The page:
I have a feeling I'm not alone here. Without further ado…
10 Things I Really Want for Mother's Day (That Don't Cost A Dime)
- My baby to sleep through the night. Please God, if you give me nothing else my whole life, I'll take this and be eternally happy.
- Everyone in my family to pick up their own clutter. This includes your socks, toys, water bottles, keys, mail, books and anything else you routinely leave strewn about.
- An unexpected treat that I didn't have to ask for.
- Everyone to put away their own laundry. In a timely fashion.
- The kids not complaining about the dinner I've cooked. And on that note...
- A really yummy homemade meal that I didn't have to cook...
- Followed by some homemade chocolate cake.
- A nap where no one bothers me, asks me to get them something to drink or cries because their Legos fell apart.
- Someone to make my mud room look like the ones on Pinterest.
- A real neck massage. Not a gift card for a massage (because I do not have time to use that.)
What would you like for Mother's Day?
I don't know about you, but teaching basic life skills to my children is pretty much last on my list of likes when it comes to parenting. Want to chat about your day? Great. Want to ask me a question about the sky, or the circle of life or religion? Let's do it. But you want to know how to use scissors? Or how to hold a pencil? I have no idea how to communicate this.
My preschooler is learning to write, and I recently had a parent-teacher conference discussing how we can help him. He is 4 and refuses to hold writing utensils properly. Part of it is his age; I know this will come with time. But I think part of it can also be traced back to my complete paralysis when it comes to teaching this skill. After a chat with his teachers and a few friends, I decided to make a list of helpful items to get kids on the right track. Or should I say write track? Groan. I know, I know.
Check out these 5 products to help your child learn to hold a pencil:
- The Crossover grip from The Pencil ($11 for six) helps keep fingers where they are supposed to be.
Here's a post from our partners at BabyCenter! Every week, we bring you the best parenting and lifestyle stories from the experts at BabyCenter, including this post about parenting advice from around the world.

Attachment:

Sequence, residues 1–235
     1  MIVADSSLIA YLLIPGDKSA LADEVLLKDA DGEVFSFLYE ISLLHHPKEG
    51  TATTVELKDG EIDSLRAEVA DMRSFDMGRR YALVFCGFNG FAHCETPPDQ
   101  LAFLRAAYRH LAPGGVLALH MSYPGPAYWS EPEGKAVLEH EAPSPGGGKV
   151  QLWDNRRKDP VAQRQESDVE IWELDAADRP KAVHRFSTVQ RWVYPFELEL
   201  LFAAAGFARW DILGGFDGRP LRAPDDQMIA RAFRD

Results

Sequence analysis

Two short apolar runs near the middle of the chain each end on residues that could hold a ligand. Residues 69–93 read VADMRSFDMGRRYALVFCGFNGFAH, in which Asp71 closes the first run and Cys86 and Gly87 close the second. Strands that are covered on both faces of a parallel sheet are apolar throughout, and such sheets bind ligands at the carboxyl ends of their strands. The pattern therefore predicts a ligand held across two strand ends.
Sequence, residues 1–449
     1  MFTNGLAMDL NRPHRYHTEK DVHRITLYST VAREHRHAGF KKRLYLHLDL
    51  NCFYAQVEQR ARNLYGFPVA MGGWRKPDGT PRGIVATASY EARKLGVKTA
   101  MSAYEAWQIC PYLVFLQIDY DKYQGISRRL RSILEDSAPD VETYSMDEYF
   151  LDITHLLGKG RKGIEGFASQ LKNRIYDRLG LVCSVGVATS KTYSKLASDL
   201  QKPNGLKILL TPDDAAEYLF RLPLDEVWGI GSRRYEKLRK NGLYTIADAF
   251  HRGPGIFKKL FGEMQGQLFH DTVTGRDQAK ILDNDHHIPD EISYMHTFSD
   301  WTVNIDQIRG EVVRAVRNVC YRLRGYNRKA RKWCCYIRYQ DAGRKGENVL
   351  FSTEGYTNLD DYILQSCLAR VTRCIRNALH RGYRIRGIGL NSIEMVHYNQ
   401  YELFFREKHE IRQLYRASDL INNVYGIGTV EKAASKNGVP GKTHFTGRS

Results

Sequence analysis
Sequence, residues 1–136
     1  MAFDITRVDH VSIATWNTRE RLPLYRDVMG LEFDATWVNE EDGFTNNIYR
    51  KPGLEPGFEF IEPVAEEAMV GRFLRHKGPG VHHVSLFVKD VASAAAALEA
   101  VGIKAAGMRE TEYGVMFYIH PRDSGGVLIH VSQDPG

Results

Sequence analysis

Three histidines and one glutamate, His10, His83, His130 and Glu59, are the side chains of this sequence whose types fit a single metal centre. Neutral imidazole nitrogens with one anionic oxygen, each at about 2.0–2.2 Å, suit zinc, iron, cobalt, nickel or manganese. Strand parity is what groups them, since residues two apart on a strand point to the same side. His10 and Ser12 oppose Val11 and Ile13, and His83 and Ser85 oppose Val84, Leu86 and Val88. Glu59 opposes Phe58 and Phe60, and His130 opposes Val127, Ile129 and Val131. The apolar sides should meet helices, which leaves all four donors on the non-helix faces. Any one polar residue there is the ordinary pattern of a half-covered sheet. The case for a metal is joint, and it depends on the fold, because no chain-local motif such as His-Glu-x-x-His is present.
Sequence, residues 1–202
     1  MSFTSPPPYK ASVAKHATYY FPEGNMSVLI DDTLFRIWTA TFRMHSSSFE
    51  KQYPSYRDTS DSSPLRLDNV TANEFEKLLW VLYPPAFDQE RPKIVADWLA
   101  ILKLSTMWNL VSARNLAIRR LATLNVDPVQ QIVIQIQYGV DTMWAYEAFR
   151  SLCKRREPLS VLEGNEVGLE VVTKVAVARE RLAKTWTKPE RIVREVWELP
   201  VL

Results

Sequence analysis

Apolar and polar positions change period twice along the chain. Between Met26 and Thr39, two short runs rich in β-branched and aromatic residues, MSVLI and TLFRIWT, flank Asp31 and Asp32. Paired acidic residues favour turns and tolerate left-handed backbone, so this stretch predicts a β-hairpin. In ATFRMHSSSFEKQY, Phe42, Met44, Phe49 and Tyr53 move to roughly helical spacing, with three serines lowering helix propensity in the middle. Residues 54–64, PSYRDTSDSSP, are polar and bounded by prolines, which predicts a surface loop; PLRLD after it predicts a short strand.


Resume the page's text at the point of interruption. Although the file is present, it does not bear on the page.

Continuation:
"To find the most awesome teenagers you can and interrogate their mother as to how she parented them. Then do that!" — Karyn Van Der Zwet, New Zealand
"When my first child was born, the nurse midwife told me not to get into the habit of overextending yourself. The "master" (she means husband) in your life will come to expect that and take it for granted. Especially at first, do what you can do and "remove the hand" from rest. (That's a Japanese way of saying to let it go.) I should have listened to her; it would have made my first couple of years as a mother much easier." — Melanie Oda, Japan
"Remember that whatever it is you're going through, it will pass. This little piece of advice has helped me endure the tough times and savor the good times." — Dee Harlow, Laos
"Let them figure out the solution, don't always give it to them." We are too quick to help our kids figure out life's puzzles. We try and solve every argument they have and end up with them coming to us for every little thing. Sometimes, we just need to stand back and let them figure it out. — Mama B., Saudi Arabia
"Don't make sleep a goal. Just enjoy it when you can get it. Considering my newborn stayed awake for eight-hour stretches and didn't sleep through the night, constantly hoping and expecting sleep would have made me miserable. Instead, I just slept when I could. It made a huge difference to my sanity." — Carol, Canada
"My mum, when I was a frightened and very tired new mother said, 'No-one will ever know your child better than you do. Trust your instincts.' It's gotten me through every challenge with my daughters so far." — Sophie Walker, United Kingdom
"Someone once told me to do the best I know how, then leave the rest to God. Whenever I go through tough periods of change and tantrums, I try to step aside and re-focus on the bigger picture—my end goals, vision and hope for my family." — June, Singapore
"Back when I was a clean freak (which to my husband's chagrin has passed), my grandmother would tell me, 'If it's a choice between cleaning your house or playing with your kids, play with your kids because they are so much more important.'" — Susie Newday, Israel
Last week, the parents of a six-year old girl learned that Child Protective Services might take their little girl from them. Their crime? They allowed her to walk a couple of blocks to the post office alone.
She doesn’t live in a busy city. She had to cross one road, a “T” intersection with a stop sign and traffic light. It was a very common walk for her, but her parents rehearsed her doing it independently as well. She had a cell phone on her just in case. And now, she might be removed completely from her family.
I feel terribly sad when I hear these stories. For one, I’ve been interrogated by CPS after a doctor irresposibly jumped to conclusions because my daughter is brain damaged. But, I also feel for the members of the public. As in the case of this six-year old girl, the ones who felt they had no choice but to involve the police, rather than believe the parents. It must feel awful when you can not remove yourself from suspicions, even after a reasonable explanation is given.
I’m geniunely unnerved by this state of fearfulness. Fear of your child being snatched from your peaceful suburban town. Fear of CPS knocking down your door if you allow them to explore safely. Fear of your child being kidnapped from your locked car when you run inside to grab your forgotten purse off the counter.
The statistics about child abduction may surprise you. Ernie Allen, president of the National Center for Missing & Exploited Children says, “More missing children come home today than at any time in our nation’s history. And the total number of missing children has been on the decline over the past 10 years.”